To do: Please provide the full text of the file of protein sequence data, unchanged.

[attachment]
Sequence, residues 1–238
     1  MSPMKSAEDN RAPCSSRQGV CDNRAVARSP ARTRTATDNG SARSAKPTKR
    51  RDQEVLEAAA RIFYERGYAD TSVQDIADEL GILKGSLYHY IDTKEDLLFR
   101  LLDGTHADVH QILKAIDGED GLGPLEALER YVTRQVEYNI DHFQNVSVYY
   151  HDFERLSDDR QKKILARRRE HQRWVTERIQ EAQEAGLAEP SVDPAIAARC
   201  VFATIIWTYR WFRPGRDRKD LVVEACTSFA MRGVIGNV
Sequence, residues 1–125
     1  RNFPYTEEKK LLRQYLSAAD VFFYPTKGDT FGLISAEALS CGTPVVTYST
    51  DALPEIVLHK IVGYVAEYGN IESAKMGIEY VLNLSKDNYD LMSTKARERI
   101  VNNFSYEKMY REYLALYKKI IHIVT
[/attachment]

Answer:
Sequence, residues 1–238
     1  MSPMKSAEDN RAPCSSRQGV CDNRAVARSP ARTRTATDNG SARSAKPTKR
    51  RDQEVLEAAA RIFYERGYAD TSVQDIADEL GILKGSLYHY IDTKEDLLFR
   101  LLDGTHADVH QILKAIDGED GLGPLEALER YVTRQVEYNI DHFQNVSVYY
   151  HDFERLSDDR QKKILARRRE HQRWVTERIQ EAQEAGLAEP SVDPAIAARC
   201  VFATIIWTYR WFRPGRDRKD LVVEACTSFA MRGVIGNV
Sequence, residues 1–125
     1  RNFPYTEEKK LLRQYLSAAD VFFYPTKGDT FGLISAEALS CGTPVVTYST
    51  DALPEIVLHK IVGYVAEYGN IESAKMGIEY VLNLSKDNYD LMSTKARERI
   101  VNNFSYEKMY REYLALYKKI IHIVT